National Teams in the ProTour

Since any more detail on the Aussie team under Shane Bannan is vague for now, I wanted to review the broader concept behind the Aussie squad, namely that we are seeing the emergence of several national teams. In an age when the sport is supposed to be moving towards attracting global brands, we are seeing a growing proportion of teams defined by their nationality.

National pride

The Rise of Nationalism…
Of course each team is already linked to a country, for example Rabobank is quite Dutch, even sporting orange kit. But in recent years we’ve seen several teams not just linked to a country but labelled by the nation.

Astana is of course the unfortunate showcase for Kazakhstan. Katusha is the “Russian cycling project”. But we also have Team Sky which is British to the point that nobody can quite tell where publicly-funded governing body British Cycling ends and Newscorp’s Team Sky begins. So far Team Luxembourg is placing less emphasis on the country of origin despite the name. Plus there’s the New Zealand project, Pure Black Cycling.

…or the rise of commercialism?
But you can look at these teams as the opposite of a national squad. Bannan’s Aussie team perhaps has inspiration from Team Sky. Dave Brailsford has helped to turn a humble track team from rainy Manchester into a glamorous road team. A national squad is limited to a few track events oer year and the Worlds as well as the Olympics. Move into the pro scene you can soon enter the relative glamour of touring Flanders and France. And significantly be better paid. Any ambitious coach will jump at the chance.

Riding under the flag is a tricky concept. A national team will always want their best home rider but look around: Menchov rides with Geox-TMC and Cavendish is with HTC-Highroad. Plus imagine the bidding war for Richie Porte later this year. If it gets the go-ahead for 2011 it remains to be seen whether an Aussie team can sign the best Aussie riders, certainly Cadel Evans is closely linked to Team BMC and Michael Rogers has just signed up to two years with Sky. There are other Aussie riders capable of forming the backbone of a team and delivering results of course but it seems inevitable that riders of other nationalities will be recruited. Possibly Italians.

7 thoughts on “National Teams in the ProTour”

  1. I think the rise of national teams is not really an issue because so many of them are committed to signing the best riders regardless of their nationality.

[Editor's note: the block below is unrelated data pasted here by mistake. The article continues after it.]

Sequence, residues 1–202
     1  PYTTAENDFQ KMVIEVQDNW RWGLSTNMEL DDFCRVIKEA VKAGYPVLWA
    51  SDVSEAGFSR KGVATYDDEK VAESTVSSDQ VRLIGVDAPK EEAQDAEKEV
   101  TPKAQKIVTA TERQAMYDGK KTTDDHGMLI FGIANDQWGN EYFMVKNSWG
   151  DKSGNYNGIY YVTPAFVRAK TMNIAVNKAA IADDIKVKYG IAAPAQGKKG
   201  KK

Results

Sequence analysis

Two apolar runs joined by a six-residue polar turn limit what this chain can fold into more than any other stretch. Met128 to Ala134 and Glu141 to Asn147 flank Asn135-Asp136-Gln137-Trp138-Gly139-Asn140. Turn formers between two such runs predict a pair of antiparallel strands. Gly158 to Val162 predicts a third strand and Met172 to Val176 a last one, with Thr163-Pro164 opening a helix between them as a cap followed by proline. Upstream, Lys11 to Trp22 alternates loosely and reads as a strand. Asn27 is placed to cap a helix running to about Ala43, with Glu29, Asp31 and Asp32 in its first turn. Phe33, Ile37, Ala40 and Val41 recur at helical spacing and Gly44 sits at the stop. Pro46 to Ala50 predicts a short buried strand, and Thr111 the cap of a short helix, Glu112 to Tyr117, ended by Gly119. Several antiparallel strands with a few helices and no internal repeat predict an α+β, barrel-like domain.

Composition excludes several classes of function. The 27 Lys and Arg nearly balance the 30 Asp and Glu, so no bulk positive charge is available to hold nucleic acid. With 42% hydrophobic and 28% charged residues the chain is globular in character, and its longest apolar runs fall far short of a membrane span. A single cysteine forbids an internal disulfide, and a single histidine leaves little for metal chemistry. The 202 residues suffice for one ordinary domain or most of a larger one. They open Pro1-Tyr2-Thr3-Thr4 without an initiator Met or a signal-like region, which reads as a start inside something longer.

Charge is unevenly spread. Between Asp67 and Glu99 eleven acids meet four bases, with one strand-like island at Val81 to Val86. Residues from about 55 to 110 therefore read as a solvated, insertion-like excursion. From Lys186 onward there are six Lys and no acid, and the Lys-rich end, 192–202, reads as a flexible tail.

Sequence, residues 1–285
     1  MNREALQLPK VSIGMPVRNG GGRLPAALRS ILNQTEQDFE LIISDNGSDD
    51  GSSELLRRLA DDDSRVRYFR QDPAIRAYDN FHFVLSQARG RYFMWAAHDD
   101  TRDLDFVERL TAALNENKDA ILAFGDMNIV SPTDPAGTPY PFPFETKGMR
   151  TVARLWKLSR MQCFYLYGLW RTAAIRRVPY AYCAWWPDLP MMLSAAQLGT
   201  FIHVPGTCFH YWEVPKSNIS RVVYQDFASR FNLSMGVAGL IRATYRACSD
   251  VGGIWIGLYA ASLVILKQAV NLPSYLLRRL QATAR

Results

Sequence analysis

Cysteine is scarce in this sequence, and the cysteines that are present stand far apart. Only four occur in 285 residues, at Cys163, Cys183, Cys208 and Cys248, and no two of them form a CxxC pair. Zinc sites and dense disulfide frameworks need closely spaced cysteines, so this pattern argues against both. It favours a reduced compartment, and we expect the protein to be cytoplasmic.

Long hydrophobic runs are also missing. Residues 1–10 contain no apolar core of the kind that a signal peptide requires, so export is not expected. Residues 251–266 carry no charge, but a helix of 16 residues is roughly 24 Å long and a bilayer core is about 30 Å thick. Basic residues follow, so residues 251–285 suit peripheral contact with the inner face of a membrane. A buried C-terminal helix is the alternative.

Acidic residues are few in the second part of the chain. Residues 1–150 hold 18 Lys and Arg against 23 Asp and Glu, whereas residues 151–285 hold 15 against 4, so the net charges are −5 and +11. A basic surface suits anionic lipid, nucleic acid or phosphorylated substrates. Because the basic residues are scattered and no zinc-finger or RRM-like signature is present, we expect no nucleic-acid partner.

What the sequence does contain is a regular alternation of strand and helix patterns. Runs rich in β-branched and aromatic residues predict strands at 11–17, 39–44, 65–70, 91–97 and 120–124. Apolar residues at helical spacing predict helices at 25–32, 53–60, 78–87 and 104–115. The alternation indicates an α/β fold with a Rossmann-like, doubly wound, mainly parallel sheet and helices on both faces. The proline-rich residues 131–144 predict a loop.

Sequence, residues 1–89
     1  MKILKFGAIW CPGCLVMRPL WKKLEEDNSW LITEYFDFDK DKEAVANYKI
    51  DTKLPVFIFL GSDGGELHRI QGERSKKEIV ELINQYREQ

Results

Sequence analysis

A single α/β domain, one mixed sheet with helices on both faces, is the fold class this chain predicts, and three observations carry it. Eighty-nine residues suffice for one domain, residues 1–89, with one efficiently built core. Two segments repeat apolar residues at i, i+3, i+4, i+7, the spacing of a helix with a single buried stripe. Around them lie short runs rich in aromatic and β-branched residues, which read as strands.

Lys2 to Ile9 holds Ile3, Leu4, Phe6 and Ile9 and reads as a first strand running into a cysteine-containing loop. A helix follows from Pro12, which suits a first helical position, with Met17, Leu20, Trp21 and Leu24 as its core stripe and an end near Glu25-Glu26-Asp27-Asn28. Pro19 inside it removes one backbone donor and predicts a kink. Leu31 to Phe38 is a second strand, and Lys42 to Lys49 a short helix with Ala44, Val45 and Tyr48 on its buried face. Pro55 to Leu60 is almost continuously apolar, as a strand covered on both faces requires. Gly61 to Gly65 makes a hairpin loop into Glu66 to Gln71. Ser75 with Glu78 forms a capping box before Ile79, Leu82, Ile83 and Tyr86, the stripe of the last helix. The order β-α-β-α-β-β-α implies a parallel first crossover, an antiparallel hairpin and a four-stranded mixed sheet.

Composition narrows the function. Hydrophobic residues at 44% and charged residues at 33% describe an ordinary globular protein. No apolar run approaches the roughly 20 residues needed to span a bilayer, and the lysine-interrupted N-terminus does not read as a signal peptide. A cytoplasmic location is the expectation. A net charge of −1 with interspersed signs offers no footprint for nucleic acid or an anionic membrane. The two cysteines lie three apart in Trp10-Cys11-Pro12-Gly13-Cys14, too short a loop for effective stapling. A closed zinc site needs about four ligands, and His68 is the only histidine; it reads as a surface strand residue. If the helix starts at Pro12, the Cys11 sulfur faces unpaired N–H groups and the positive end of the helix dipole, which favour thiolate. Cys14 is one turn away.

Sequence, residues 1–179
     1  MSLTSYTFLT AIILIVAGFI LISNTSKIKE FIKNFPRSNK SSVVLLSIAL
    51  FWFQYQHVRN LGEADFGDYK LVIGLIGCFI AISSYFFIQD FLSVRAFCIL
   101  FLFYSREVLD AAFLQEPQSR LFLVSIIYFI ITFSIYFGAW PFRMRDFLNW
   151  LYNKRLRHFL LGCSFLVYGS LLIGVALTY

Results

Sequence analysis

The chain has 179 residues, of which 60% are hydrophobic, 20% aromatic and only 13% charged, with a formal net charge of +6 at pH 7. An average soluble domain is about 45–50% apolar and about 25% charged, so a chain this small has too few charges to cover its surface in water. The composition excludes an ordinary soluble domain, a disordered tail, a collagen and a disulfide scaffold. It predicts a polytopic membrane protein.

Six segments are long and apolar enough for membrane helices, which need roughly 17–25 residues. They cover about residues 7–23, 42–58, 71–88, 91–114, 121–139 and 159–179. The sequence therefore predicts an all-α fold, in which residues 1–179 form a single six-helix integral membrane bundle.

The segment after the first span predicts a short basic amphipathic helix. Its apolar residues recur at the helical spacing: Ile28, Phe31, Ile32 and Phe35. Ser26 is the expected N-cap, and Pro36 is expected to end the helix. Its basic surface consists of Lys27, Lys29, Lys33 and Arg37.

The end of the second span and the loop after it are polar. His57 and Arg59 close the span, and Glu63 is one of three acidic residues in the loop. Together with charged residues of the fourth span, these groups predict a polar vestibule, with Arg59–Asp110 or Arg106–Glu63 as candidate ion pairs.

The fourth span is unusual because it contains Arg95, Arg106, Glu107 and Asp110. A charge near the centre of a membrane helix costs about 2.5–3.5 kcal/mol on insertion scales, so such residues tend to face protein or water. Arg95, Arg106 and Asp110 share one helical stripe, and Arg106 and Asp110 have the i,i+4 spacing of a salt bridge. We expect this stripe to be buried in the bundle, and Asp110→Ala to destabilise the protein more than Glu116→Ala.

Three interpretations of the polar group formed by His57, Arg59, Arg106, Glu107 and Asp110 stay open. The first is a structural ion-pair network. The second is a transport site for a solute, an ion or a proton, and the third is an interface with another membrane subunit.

Rabobank – Menchov for years, Freire, Breschel, Lulu next year.
    Katusha – Rodriguez and Pippo
    Lux – Too many to name
    Sky – BoHagen
    Astana – Tried to keep Contador

    I think there's plenty of implications on a sponsorship level, but these teams seem to be smart enough to look international on a sporting level.

  2. Is there really a rise of national teams? As I see it, the teams have always been tied to different countries. We already talk about "the French teams", the Belgian teams, Telekom/T-Mobile was a German team, CSC/Saxo Bank is very much a Danish team, etc. Of course, as Nicholas indicates, the teams are only national teams up to a point.

    One exception, perhaps, is HTC. I view them as a only vaguely American team, and more of a international one.

  3. This appears to be a phenomenon in nations that lack any other internationally-competitive teams, and therefore that nation pools its energy into creating a single unified(?) "national" team. Your examples prove this point perfectly.

    The nations without a single unified "national" team are those that already have a stable of international teams: Spain, France, Belgium, Germany (until a few years ago), US, and the Netherlands (I argue Rabobank is a case of smart marketing rather than national unity).

  4. Team Sky – Brailsford/Sutton with indepth knowledge of most notable BC riders "numbers" – ensures they sign or tie up, the most emerging talent.

    Where they fell down, was simply by signing all to team Sky, they lost the ability to expose a large number of riders to top level competition, with various teams – e.g. worlds RR where GB only qualified 3 riders.

    Sometimes, when "having cake & eating it" you forget to stop biting…

    BC – are well known to have copied the AIS system within Australia, to create a template pogram, that eventuated into Team Sky/BC.

    Likewise, Shayne Bannan is not going to set out on the journey, and repeat the mistakes Brailsford caused himself.

  5. I think the media and the fans chatter convert some of these overtly International Teams into "National" Teams.

    Look at the nationalities of the riders on Team Sky from 2010. Less than 50% are from the UK.

    When I think of "National" Trade Teams, I refer back to the French and Italian Teams of the 70s & 80s, where almost all of the riders were domestic, except for a few foreigners.

    There is a lot of marketing potential for a homegrown team, but the rubber rarely meets the road. With the globalization of cycling, there are too many sporting interests that conflict with national interests.

    If there is one lesson to be learned from the Pegasus collapse, it is that star riders should be very wary of signing for a first year team, especially when a sponsor hasn't been announced, and a license has not been promised, even if it is registered in their homeland.

  6. As Touriste-Routier mentions the fan base plays a big part "adopting" foreign nationals into the teams base national identity, look no further than english soccer with truly fanatical support for city based teams full of foreign nationals where the team make-up is strongly influenced by the money available to "buy in" the best the world has to offer.

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